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Re: [PATCH] drivers/virt: vmgenid: add vm generation id driver

From: Colm MacCarthaigh
Subject: Re: [PATCH] drivers/virt: vmgenid: add vm generation id driver
Date: Sat, 17 Oct 2020 20:14:47 -0700

On 17 Oct 2020, at 6:24, Jason A. Donenfeld wrote:

There are a few design goals of notifying userspace: it should be
fast, because people who are using userspace RNGs are usually doing so
in the first place to completely avoid syscall overhead for whatever
high performance application they have - e.g. I recall conversations
with Colm about his TLS implementation needing to make random IVs
_really_ fast.

That’s our old friend TLS1.1 in CBC mode, which needs a random explicit IV for every record sent. Speed is still a reason at the margins in cases like that, but getrandom() is really fast. A stickier problem is that getrandom() is not certified for use with every compliance standard, and those often dictate precise use of some NIST DRBG or NRBG construction. That keeps people proliferating user-space RNGs even when speed isn’t as important.

It should also happen as early as possible, with no
race or as minimal as possible race window, so that userspace doesn't
begin using old randomness and then switch over after the damage is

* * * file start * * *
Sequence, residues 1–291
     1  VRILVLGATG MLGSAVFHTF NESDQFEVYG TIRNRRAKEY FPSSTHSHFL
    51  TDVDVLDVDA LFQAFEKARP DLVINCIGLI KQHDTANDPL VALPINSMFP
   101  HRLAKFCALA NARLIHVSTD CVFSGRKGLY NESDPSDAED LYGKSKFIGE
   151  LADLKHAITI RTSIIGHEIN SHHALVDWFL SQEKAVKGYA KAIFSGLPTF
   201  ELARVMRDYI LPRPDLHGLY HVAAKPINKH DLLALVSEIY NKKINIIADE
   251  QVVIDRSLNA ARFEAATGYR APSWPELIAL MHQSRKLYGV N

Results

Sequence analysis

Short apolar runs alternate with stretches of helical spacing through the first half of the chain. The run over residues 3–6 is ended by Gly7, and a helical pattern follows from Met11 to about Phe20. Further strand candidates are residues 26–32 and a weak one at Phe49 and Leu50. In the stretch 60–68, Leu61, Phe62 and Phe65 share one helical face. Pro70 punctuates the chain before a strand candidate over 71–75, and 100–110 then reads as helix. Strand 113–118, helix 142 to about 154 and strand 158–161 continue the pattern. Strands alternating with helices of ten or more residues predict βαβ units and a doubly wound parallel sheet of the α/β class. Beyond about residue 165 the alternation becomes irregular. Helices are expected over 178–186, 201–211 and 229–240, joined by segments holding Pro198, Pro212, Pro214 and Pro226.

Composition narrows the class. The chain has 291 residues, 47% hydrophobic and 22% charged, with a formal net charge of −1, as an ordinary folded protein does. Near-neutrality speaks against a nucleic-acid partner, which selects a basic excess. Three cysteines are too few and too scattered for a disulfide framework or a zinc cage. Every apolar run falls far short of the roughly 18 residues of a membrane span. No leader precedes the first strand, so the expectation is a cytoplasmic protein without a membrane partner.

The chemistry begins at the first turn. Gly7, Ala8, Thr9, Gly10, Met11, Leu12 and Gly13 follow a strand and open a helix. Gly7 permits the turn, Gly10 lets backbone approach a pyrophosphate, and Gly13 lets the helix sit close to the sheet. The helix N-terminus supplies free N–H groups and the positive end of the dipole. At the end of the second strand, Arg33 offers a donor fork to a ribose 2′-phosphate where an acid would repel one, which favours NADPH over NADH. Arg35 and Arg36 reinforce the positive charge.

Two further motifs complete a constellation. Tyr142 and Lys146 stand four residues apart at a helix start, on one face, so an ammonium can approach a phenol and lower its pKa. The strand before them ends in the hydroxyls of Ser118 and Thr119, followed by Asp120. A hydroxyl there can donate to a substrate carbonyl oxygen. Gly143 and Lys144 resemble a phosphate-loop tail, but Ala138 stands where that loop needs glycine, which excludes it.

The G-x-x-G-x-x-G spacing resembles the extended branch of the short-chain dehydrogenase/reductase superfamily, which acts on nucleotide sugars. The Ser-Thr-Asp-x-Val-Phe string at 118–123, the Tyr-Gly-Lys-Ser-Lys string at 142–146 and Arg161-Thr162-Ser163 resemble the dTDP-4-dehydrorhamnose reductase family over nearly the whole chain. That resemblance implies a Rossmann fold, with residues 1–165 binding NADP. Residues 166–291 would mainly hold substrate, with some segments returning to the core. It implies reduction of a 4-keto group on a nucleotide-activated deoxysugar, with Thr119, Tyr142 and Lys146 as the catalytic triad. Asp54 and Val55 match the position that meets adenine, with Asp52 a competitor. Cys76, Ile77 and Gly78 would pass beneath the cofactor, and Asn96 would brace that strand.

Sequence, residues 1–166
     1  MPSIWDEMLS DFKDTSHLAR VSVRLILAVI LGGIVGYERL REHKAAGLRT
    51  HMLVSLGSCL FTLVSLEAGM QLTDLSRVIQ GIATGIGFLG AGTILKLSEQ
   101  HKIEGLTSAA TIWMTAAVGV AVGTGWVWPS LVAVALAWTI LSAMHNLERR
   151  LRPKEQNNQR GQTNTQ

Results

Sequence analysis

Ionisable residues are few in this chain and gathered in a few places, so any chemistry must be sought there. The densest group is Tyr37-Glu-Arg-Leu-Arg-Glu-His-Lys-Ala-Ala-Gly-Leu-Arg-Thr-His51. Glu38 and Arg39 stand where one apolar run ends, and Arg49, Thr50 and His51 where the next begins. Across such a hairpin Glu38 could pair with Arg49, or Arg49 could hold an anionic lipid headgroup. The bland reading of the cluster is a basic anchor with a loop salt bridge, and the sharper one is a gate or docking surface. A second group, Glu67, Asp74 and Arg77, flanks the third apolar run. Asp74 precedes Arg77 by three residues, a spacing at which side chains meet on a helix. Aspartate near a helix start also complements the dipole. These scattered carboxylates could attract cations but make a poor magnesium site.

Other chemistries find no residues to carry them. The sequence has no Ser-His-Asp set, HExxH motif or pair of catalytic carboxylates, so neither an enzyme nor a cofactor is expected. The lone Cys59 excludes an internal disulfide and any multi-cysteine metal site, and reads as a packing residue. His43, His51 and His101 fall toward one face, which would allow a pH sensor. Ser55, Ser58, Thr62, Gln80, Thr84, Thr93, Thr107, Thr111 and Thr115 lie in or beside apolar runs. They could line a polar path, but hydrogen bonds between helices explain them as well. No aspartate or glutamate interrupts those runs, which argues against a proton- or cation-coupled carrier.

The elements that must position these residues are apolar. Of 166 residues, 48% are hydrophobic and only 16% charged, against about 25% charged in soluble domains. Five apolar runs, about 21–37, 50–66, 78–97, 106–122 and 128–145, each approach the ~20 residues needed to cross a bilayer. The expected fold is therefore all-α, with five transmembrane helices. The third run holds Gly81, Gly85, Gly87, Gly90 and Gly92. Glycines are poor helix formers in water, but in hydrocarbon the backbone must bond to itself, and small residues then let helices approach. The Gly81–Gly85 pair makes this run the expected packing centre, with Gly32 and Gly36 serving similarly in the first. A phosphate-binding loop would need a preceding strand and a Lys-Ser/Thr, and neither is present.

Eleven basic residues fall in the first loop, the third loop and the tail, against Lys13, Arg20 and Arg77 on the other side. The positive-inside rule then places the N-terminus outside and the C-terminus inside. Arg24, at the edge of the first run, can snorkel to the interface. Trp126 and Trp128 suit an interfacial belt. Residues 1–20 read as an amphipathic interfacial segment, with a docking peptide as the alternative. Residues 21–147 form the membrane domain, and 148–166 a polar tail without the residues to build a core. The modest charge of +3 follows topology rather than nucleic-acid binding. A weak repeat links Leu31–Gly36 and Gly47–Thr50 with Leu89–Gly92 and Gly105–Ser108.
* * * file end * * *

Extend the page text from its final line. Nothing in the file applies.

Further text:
already done.

+1 to this, and I’d add that anyone making VM snapshots that they plan to restore from multiple times really needs to think this through top to bottom. The system would likely need to be put in to some kind of quiescent state when the snapshot is taken.

So, anyway, here are a few options with some pros and cons for the
kernel notifying userspace that its RNG should reseed.

1. SIGRND - a new signal. Lol.

2. Userspace opens a file descriptor that it can epoll on. Pros are
that many notification mechanisms already use this. Cons is that this
requires syscall and might be more racy than we want. Another con is
that this a new thing for userspace programs to do.

A library like OpenSSL or BoringSSL also has to account for running inside a chroot, which also makes this hard.

Any thoughts on 4c? Is that utterly insane, or does that actually get
us somewhere close to what we want?

I still like 4c, and as a user-space crypto-person, and a VM person, they have a lot of appeal. Alex and Adrian’s replies get into some of the sufficiency challenge. But for user-space libraries like the *SSLs, the JVMs, and other runtimes where RNGs show up, it could plug in easily enough.


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